It seems like ever since Gatorade debuted its neon-colored beverages back in 1965, athletes and fitness fanatics have been obsessed with the idea of getting enough electrolytes during their workouts. Today, sports drinks are just one of the countless ways to get your fill. The supplement aisle is filled with hydration tablets, gummy chews, gels, and even pills.
What are electrolytes, exactly?
Electrolytes, which are found in sports nutrition products as well as whole foods like bananas and sweet potatoes, are minerals that have an electric charge. Once they're in your body, they have two primary jobs: They balance the amount of water in your body to help your cells function properly, and they spark nerve impulses. “These impulses allow muscles to contract, which keeps the heart beating and the body moving,” explains Allison Childress, PhD, RDN, CSSD, a professor of nutritional science at Texas Tech University.
They also help us stay hydrated. When we sweat, we lose water along with electrolytes like sodium, potassium calcium, magnesium, phosphate, and chlorine. Without enough of these minerals in your body, you won't be able to retain the water you're chugging during workouts or on a hot day, which could lead to dehydration.
Should you be worried about getting enough electrolytes?
Electrolytes are essential for the body to keep itself running properly, so consuming them is important. But most of the time, getting the right balance of electrolytes is kind of like getting enough oxygen: We do it without having to try.
“In healthy people, our bodies generally do an outstanding job of maintaining fluid balance,” says Ritanne Duszak, RD, a Philadelphia-based running and triathlon coach. If you’re adequately hydrated (read: you’re not thirsty, and your pee is clear or pale yellow) and are eating normally, your electrolyte levels are probably fine. “For the vast majority of people, your regular diet is going to be the best source of electrolytes,” Duszak adds.
That said, there are a few exceptions. We lose electrolytes through sweat, so if you’re active for extended periods (an hour or longer) or are in a hot or humid climate, you might need to make more of an effort to replenish your stores, Childress says. Otherwise, you could end up dehydrated with an electrolyte imbalance, which not only makes it hard to keep working out, it could also cause dizziness and fainting. The same goes if you’ve been vomiting or have diarrhea since these unpleasantries also cause fluid loss.
The best type of electrolyte drinks you can buy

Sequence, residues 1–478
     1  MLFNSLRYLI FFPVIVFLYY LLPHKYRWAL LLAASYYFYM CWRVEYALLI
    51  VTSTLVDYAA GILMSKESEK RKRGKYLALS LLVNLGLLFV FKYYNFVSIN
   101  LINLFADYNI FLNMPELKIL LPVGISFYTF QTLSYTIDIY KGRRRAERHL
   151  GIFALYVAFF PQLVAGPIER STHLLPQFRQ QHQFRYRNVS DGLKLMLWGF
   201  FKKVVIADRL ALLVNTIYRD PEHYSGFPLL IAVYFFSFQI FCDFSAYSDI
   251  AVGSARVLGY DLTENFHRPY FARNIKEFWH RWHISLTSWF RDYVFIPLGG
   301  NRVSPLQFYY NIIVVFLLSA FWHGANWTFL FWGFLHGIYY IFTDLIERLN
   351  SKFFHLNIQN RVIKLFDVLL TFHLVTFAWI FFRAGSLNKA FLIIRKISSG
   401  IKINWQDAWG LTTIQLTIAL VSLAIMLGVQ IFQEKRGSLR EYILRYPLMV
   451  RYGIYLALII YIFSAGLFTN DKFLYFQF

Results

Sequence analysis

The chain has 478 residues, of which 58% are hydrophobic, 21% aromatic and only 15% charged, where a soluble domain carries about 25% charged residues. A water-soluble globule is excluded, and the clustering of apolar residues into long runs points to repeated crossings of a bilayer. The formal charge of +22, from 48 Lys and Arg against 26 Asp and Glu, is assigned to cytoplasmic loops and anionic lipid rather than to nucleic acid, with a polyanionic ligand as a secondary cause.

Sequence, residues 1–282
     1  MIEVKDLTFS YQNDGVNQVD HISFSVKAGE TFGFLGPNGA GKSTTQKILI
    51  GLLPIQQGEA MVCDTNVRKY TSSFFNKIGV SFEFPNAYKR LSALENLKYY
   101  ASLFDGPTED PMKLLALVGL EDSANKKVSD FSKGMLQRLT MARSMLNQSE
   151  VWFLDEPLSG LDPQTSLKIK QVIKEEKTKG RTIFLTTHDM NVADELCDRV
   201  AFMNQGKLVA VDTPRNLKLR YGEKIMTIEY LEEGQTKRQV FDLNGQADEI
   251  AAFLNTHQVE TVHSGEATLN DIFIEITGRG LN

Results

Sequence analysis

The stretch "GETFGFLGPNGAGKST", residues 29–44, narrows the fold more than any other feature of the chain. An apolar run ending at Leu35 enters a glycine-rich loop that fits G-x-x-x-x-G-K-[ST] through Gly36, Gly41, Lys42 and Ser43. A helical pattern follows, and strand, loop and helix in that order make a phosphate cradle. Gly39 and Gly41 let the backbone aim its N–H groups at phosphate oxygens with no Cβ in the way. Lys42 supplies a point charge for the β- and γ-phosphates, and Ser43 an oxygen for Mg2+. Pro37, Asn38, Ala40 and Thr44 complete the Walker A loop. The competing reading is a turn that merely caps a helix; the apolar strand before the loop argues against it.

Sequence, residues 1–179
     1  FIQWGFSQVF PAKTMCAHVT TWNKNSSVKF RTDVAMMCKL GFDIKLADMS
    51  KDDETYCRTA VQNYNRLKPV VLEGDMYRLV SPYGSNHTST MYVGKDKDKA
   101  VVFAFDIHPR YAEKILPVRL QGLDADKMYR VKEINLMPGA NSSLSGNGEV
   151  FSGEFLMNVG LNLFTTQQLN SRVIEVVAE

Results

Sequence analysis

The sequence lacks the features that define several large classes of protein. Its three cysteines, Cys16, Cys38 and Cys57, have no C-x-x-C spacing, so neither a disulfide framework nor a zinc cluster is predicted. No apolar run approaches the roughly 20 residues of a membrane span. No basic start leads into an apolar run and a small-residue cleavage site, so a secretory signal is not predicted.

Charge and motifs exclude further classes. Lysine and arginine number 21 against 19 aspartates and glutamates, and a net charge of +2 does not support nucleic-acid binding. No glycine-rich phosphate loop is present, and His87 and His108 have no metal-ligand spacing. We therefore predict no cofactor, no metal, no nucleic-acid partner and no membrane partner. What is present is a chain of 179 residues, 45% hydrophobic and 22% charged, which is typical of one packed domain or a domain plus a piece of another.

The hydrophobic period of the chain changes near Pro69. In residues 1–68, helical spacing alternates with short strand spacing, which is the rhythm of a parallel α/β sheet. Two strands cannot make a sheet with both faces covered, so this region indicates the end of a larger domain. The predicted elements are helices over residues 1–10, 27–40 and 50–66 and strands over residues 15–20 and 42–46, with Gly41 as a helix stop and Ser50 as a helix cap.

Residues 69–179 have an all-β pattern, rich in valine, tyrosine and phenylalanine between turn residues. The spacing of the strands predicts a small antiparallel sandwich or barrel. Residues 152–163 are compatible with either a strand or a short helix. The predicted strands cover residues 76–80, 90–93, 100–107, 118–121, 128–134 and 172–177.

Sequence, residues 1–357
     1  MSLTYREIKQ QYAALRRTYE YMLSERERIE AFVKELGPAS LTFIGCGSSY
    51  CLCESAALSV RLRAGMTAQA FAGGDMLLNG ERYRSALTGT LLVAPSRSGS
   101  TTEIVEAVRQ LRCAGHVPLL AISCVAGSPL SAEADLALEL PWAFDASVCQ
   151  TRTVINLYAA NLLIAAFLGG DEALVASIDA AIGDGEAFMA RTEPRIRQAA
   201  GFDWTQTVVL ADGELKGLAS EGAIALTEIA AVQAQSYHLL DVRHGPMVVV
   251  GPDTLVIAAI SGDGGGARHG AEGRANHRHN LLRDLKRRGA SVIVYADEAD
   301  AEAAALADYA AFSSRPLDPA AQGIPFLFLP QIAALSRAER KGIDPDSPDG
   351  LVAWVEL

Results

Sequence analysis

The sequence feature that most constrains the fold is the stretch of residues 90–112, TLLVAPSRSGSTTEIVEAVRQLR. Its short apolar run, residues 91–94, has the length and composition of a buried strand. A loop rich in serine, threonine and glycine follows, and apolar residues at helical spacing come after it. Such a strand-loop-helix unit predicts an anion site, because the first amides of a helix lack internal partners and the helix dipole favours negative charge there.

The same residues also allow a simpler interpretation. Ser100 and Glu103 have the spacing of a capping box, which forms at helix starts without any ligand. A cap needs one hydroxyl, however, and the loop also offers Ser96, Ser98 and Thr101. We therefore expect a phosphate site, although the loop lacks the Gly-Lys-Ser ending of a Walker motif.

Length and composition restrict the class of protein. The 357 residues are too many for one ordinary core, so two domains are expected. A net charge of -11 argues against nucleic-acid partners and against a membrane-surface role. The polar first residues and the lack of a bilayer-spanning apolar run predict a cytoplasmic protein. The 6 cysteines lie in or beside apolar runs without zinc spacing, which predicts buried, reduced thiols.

If you're working out for an extended period or in extreme heat, an electrolyte drink like Gatorade or Powerade might be a good option. “They may be appropriate for rapid rehydration to quickly restore the body to pre-activity electrolyte levels for someone doing an intense workout for more than an hour,” Duszak explains. In other words, if you’re training for a marathon, or doing a long workout in the middle of a summer day, a sports drink can be beneficial.
The downside? These beverages tend to be loaded with sugar. For that reason, low-cal electrolyte drink tabs (which you pop into a water bottle) like nuun and Gu Hydration are a better choice. They are typically made with sweeteners like stevia, making them an attractive option for those watching their weight or sugar intake.
Electrolyte-rich foods to eat
If you’d rather steer clear of commercial electrolyte products altogether, though, you can replenish your electrolytes with a glass of water and a smart snack. For instance, bananas, spinach, milk, and yogurt are all good sources of electrolyte minerals, Childress says. (Post-workout green smoothie, anyone?) A sweet potato sprinkled with sea salt is another good option. “The potato is jam-packed with potassium, and the salt will increase the sodium content,” Duszak explains. Some other sources of electrolytes include:
Signs you might need more electrolytes
If you’re dehydrated, you’re probably low on electrolytes too. So take notice of signals that indicate you need to take in more water and electrolyte-rich foods. Dark-colored pee or peeing less often are two telltale signs. Headache, fatigue, and rapid heartbeat can also be symptoms of dehydration, Duszak says.
If you want to figure out whether you need to replenish your electrolytes after a workout, hop on the scale before and after exercising. If you’ve lost 2 percent or more of your body weight, there’s a good chance you’re dehydrated and could use some H2O and electrolytes, Duszak says.
💡 Still not sure if you’re refueling properly? 💡
Consider meeting with a registered dietitian who specializes in sports nutrition. Your RD can assess your workouts to help you get a better handle on your electrolyte loss—and recommend the best ways to replenish your stores.